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BROWN, LANCELOT (1715–1783), landscape-gardener and architect, known as ‘Capability Brown,’ was born in 1715 at Hardie-Kirk, Northumberland. He was originally a kitchen gardener in the employment of Lord Cobham at Stow. His remarkable faculty for prejudging landscape effects soon, however, procured in the patronage of persons of rank and taste. Humphrey Repton treats Brown as the founder of the modern or English style of landscape-gardening, which superseded the geometric style, brought to its perfection by André Le Nostre (b. 12 March 1613; d. 15 Sept. 1700) at Versailles. The praise of originating the new style is, however, due to William Kent (b. 1384; d. 12 April 1748), but Brown worked independently and with greater genius. His leading aim was to bring out the undulating lines of the natural landscape. He laid out or remodelled the grounds at Kew, Blenheim, and Nuneham Courtenay. His style degeneratcd into a mannerism which insisted on finishing every landscape with the same set of features; but this declension is to be attributed to the deficiencies of those who had worked under him, and took him as their model. Of Brown’s architectural works a full list is given by Repton, beginning in 1751 with Croome, where he built the house, church, &c. for the Earl of Coventry. His exteriors were often very clumsy, but all his country mansions were constructed with great success as regards internal comfort and convenience. He realised a large fortune, and by his amiable manners and high character he supported with dignity the station of a country gentleman. In 1770 he was high sheriff of Huntingdonshire. He died on 6 Feb, 1783. His son, Lancelot Brown, was M.P. for Huntingdonshire.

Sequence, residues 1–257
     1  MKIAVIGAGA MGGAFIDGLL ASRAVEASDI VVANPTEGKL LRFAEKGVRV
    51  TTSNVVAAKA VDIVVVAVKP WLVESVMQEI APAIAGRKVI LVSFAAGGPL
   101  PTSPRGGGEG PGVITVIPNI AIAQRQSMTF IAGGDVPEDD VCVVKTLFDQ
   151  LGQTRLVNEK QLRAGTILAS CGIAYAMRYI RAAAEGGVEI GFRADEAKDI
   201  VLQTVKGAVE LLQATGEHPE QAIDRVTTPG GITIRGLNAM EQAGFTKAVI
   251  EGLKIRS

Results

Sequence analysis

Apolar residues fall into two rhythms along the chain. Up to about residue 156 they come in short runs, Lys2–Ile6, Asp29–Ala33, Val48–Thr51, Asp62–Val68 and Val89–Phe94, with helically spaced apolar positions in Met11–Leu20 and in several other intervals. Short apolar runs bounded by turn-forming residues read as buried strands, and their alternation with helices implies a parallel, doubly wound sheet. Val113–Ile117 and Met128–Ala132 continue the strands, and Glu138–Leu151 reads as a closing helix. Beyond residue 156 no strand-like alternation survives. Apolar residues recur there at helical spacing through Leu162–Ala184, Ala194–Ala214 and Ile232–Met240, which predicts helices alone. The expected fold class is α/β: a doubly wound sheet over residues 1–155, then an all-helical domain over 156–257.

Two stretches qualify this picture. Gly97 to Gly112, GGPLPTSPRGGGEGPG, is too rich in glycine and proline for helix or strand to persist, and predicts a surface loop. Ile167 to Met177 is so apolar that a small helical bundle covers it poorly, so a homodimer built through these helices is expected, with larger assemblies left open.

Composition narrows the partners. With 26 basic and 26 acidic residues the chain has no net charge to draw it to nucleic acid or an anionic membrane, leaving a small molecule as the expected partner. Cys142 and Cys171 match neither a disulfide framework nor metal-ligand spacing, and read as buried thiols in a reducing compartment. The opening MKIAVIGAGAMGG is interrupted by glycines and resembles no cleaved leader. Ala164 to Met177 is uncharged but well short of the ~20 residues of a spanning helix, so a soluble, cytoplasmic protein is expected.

[Repton’s Landscape Gardening and Landscape Architecture. ed. J. C. London, 1840, pp. 30, 266, 327, 520; Knight's English Cyclopædia, Biography, 1866, i. 950; Jal's Dict. Crit. de Biog. et Hist., 1867, p. 773.]

A. G.